Scott, Iain (2006) Are Canadian small cap stocks a separate asset class? : a mean-variance spanning approach. Masters thesis, Concordia University.
- Accepted Version
This paper introduces size based indices of Canadian markets using all firms listed on the Toronto Stock Exchange from December 31, 1969 to December 31, 2004 to assess the extent to which small-cap portfolios can enlarge the efficient frontier for investors. Both traditional and step-down spanning tests are performed. Furthermore, we evaluate the economic impact of adding Canadian small cap stocks by measuring the changes in the global minimum variance frontier and improvement in the Sharpe Ratio of the optimal portfolio. Canadian small-cap (as well as micro-cap) portfolios are shown to behave as separate classes, with performance enhancing effects for the entire period as well as various subperiods examined. The results are robust to the inclusion of alternative international indices to the benchmark portfolios, and policy constraints do not necessarily reduce the benefits from diversification.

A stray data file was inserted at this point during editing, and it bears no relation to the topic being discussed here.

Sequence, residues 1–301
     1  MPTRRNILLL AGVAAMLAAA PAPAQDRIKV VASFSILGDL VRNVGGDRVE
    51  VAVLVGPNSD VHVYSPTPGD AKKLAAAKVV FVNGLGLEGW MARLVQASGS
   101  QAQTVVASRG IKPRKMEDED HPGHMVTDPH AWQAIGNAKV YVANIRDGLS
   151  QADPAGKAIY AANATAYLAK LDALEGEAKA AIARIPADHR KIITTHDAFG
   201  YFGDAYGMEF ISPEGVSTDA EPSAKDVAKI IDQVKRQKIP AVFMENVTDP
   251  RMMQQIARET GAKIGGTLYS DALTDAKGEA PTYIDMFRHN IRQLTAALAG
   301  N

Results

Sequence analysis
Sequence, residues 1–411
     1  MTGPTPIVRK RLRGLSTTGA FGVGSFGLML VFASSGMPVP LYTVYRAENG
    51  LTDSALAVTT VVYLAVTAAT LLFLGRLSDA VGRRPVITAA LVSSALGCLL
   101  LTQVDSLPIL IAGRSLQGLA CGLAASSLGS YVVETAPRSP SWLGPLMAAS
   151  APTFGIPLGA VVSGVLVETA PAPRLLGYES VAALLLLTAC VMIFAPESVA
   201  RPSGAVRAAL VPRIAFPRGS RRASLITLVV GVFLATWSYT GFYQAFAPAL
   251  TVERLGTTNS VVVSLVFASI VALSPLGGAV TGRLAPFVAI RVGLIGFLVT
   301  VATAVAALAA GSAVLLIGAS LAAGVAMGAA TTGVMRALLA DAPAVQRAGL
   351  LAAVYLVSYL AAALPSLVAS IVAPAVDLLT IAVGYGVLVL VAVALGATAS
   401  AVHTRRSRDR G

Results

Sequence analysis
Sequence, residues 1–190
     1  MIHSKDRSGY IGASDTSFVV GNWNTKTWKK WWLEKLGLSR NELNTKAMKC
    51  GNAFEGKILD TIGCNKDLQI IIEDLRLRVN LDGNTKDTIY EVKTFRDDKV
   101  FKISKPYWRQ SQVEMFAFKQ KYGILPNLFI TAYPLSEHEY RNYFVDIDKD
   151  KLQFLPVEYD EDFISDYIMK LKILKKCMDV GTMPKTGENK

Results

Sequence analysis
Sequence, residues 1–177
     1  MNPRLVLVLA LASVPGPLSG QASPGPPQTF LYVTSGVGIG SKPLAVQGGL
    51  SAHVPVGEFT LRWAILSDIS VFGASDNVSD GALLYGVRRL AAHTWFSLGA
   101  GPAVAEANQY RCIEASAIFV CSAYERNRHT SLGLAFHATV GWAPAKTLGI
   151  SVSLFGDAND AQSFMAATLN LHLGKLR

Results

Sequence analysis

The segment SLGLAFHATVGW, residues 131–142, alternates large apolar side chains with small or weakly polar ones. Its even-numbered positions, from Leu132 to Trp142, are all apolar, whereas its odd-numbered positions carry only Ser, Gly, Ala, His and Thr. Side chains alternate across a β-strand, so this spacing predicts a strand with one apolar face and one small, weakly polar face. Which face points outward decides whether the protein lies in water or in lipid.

|Divisions:||Concordia University > John Molson School of Business|
|Item Type:||Thesis (Masters)|
|Pagination:||vii, 64 leaves : ill. ; 29 cm.|
|Degree Name:||M. Sc. Admin.|
|Program:||John Molson School of Business|
|Thesis Supervisor(s):||Switzer, Lorne|
|Deposited By:||Concordia University Libraries|
|Deposited On:||18 Aug 2011 18:44|
|Last Modified:||18 Aug 2011 18:52|
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